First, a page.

One of the simplest ways to measure macroeconomic risk is to look at the twin deficit, defined as the sum of current account and budget deficit as a percentage of GDP. Recent blow-ups like Iceland and Greece both scored highest on these fronts. Looking at twin deficits gives a reliable indicator of the individual risk profile for a country in the context of a sudden spike in international funding costs or deleveraging. On the latest reading, New Zealand and Turkey stand out (apart from the usual suspects, ie eurozone periphery and South Africa), with twin deficits well in excess of 10% for both economies.
One of the world’s biggest commodity producers, BHP Billiton, recently got a lot of attention by suggesting that the so far insatiable Chinese demand for commodities may have come to an end. The argument is simple enough: the rate of growth in China is slowing. However, the implications for commodity exporters, such as Australia, who have invested dizzying sums of money in expanding capacity to reflect an ever higher increase in Chinese commodity hunger, may be very big indeed.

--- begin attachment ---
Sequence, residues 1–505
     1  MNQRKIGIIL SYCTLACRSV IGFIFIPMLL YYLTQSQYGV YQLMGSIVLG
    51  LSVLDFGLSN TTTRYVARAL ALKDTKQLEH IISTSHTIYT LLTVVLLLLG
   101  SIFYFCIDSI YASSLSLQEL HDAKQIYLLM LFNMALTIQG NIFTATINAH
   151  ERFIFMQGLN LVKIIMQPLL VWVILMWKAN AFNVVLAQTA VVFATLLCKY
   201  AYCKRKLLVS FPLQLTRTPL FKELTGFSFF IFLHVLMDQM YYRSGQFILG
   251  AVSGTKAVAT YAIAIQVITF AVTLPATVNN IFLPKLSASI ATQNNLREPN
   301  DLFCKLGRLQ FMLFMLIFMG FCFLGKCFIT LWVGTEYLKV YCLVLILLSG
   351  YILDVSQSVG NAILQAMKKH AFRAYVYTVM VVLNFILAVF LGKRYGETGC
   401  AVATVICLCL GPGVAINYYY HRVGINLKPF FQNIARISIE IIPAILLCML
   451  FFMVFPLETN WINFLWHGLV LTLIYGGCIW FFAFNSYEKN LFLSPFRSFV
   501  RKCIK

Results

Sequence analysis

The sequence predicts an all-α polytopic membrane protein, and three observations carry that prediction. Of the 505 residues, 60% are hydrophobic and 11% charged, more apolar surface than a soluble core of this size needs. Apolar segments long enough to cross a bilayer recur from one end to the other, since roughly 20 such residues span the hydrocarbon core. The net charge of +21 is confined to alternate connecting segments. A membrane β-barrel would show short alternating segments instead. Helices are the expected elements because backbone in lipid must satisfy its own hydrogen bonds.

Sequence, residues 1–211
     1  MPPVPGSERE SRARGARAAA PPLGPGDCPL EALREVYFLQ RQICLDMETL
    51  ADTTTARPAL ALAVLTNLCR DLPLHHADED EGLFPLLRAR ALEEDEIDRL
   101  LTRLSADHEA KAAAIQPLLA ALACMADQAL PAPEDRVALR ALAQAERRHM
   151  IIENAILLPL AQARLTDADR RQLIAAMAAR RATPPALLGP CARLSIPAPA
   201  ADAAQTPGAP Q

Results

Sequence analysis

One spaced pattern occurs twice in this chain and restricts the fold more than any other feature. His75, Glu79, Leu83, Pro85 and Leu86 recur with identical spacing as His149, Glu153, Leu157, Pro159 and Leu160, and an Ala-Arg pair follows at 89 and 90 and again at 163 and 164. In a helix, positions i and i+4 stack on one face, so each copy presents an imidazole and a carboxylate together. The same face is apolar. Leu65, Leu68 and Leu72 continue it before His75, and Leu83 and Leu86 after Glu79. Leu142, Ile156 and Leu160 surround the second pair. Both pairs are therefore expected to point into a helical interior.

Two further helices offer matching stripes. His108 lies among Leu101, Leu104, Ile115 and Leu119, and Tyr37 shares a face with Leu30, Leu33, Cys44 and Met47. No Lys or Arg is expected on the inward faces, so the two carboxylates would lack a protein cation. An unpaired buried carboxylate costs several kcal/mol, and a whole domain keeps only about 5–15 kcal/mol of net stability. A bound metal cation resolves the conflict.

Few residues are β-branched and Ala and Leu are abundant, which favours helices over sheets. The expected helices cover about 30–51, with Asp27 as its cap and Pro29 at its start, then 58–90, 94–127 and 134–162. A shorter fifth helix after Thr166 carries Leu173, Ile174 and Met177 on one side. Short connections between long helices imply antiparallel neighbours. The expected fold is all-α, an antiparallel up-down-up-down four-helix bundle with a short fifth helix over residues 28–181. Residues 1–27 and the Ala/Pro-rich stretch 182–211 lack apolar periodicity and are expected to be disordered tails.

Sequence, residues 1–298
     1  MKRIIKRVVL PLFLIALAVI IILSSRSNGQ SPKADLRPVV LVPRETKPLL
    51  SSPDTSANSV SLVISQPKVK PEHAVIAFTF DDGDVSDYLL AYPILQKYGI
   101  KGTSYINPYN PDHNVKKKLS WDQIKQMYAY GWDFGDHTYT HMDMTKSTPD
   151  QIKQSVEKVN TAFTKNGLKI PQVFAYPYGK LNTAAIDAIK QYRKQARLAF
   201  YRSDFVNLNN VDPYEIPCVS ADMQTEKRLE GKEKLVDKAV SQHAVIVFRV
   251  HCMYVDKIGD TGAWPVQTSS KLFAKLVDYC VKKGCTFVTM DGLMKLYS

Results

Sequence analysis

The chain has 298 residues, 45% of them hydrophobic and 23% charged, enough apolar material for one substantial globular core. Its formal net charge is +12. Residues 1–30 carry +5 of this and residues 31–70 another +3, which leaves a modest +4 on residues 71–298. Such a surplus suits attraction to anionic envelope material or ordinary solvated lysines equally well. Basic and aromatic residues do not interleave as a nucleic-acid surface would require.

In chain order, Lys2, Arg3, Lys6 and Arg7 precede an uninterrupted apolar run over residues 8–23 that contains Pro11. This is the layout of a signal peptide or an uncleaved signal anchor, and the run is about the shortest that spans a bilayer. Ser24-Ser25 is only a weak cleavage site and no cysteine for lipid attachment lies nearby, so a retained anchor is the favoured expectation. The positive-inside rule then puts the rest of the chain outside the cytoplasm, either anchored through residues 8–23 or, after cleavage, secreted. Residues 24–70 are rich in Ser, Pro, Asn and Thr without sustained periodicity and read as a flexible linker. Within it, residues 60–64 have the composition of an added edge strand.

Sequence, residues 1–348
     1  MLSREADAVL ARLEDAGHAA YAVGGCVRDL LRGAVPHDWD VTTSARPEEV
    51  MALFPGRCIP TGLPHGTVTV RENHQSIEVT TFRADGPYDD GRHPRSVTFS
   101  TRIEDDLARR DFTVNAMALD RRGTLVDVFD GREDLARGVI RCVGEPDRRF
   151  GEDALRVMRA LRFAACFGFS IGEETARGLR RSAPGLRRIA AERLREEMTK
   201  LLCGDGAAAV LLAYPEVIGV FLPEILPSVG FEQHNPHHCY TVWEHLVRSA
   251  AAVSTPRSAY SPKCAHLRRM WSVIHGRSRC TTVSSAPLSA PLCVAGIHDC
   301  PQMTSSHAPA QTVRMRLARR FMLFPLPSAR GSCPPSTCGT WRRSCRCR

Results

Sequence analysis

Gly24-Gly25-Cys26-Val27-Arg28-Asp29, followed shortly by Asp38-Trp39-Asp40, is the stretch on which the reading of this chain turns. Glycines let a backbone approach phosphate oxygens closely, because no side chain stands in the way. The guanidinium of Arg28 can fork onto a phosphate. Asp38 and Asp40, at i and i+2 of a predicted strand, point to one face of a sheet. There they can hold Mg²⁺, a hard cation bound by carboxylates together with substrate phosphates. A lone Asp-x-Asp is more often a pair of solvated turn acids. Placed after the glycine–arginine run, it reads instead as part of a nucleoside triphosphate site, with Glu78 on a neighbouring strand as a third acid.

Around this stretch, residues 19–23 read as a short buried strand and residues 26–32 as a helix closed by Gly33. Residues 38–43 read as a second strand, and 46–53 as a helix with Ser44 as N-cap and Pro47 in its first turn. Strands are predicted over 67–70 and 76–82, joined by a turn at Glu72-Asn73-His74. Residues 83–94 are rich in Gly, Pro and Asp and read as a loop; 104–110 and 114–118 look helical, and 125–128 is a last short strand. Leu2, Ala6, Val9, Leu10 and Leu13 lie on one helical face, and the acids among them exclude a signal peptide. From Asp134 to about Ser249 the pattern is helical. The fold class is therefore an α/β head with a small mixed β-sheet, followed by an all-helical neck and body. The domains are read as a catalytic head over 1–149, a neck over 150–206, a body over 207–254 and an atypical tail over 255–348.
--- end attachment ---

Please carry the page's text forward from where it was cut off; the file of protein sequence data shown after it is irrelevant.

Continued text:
Following the pattern we have identified in other countries in the region, Ukraine is once more getting itself into a deeper and deeper mess
Looking beyond cyclical variations, a lingering concern is the structural undercurrents of a continuing falling labour force participation rate and a high long-term unemployment rate. Both paint a rather bleakpicture of the US labour market.
UK inflation has been falling, driven mainly by a fall in consumer demand, and last year’s VAT increase falling out of the year-on-year comparisons. Looking under the bonnet, however, reveals a disconnect between inflation of ‘necessary’ and ‘discretionary’ goods.
Greece is in default and Ireland and Portugal are in limbo with the market pricing in a Greek outcome in both economies. However, the situation has changed in Spain and Italy and on this measure alone, the ECB’s LTRO has been successful.